It’s no wonder, then, that there is a growing body of literature that wonders who Vice-Chancellors are and what they do. In fact, doctoral research into the process of appointing Vice-Chancellors reveals that despite the growing corporatisation of universities, Australian VCs are usually academic leaders rather than individuals from the private or corporate sector (O’Meara & Petzall 2005). Therefore, one of the oddities of the recruitment process — a process that has been afforded surprisingly little attention — is ‘the paradox of appointing [Vice-Chancellors] from the ranks of individuals with non-business backgrounds to run large enterprises, which are being compelled to adopt an increasingly business-oriented focus’ (2005: 18). Part of the problem is a lack of democracy and transparency concerning the selection process, coupled with questions about the competency and credibility of the selection panel itself (O’Meara & Petzall 2005). As Bernard O’Meara and Stanley Petzall, in their national survey of former and current Vice-Chancellors and panel members, reflect, ‘Selection Committee members did not always have experience in senior appointments and brought an overly subjective aspect to the process, appointing the wrong candidate for the wrong reasons on occasions … Former Vice-Chancellors themselves were highly critical of the processes, and believed they needed to change’ (2005: 31). With at least ten universities ‘in transition’ with new or interim VC appointments scheduled for this year and the next (Tija et al. 2020), the pandemic presents an opportunity to review these nebulous processes and address salary inequities across the sector. However, in seeking to better understand the role of Vice-Chancellors, the question still remains as to what it is they do.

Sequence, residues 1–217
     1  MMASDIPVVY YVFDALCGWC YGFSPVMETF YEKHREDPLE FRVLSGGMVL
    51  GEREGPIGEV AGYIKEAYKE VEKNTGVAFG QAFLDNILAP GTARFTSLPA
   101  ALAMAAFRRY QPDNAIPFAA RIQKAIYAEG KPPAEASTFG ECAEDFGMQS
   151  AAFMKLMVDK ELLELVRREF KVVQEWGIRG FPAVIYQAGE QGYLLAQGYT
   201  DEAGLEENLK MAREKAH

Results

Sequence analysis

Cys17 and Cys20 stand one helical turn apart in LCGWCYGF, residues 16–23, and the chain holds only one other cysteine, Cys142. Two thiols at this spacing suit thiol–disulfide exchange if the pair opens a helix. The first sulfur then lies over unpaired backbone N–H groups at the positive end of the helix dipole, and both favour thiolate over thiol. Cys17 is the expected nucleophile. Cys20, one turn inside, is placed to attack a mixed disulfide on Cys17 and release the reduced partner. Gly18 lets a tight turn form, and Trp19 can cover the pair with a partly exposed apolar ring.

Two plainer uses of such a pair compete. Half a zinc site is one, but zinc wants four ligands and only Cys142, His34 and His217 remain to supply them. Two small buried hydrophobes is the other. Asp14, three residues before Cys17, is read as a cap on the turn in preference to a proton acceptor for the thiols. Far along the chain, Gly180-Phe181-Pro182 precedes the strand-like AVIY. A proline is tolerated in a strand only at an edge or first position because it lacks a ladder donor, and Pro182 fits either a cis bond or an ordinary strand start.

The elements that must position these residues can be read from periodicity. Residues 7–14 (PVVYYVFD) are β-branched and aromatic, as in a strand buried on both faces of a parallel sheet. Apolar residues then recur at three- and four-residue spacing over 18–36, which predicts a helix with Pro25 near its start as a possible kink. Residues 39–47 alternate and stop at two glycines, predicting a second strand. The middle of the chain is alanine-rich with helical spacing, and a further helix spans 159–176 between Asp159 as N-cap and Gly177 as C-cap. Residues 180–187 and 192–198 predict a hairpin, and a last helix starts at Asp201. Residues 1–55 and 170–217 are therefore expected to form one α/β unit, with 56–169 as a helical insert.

As professional hand-shakers, Vice-Chancellors excel at deal-making. ‘The simple act of shaking hands,’ according to Juliana Schroeder et al., ‘can be a powerful gesture that alters negotiation outcomes’ (2014: 23). Vice-Chancellors are indeed well-versed at managing social interactions and dilemmas. As early as 1996, DW Sloper found that ‘a Vice-Chancellor’s work is essentially social, with most time being given to talking to people in relatively structured settings and less formally’ (1996: 205). In the first (and only) national study of Australian Vice-Chancellors’ work patterns, Sloper used diary analysis to audit the professional activities of 19 VCs over an arbitrary two-week period. He found that Vice-Chancellors work on average 68 hours a week, and between 0 and 8 hours on the weekend (1996: 214). Most of their work (67%) is conducted at home, in the office, or ‘elsewhere on campus’, with the most common task recorded as ‘working on papers’ or ‘dealing with correspondence’ (1996: 218), and with frequent social activities spanning formal engagements and regal functions to more informal meetings with ministers, diplomats, and benefactors. Other day-to-day activities include: writing and delivering speeches, penning obituaries for colleagues, opening buildings, fulfilling hospitality obligations including ‘formal entertaining’, and attending plays, concerts, and other cultural events (1996: 225). While Sloper concluded that Vice-Chancellors are ‘busy people’ and that ‘few, if any … would dare bring a charge of indolence or inactivity’ against this occupational class (1996: 211), what is generally known about Vice-Chancellors, and how they distribute their time, is still largely anecdotal or archetypal. Still, upon departure from their lucrative estates, these plutocrats are honoured for their services to education and immortalised with a giant portrait or marble bust — the latter, depending on the size of the plinth, is often carved with a Latin inscription that translates awkwardly as every man is the artisan of his future or great leadership from afar. ‘The plutocracy,’ Standing (2015) writes, ‘are detached from the nation state’. Accordingly, the COVID capital of these lords and their unshakeable hands is negligible since their other capital is grand: a vineyard awaits, regardless of the consequences.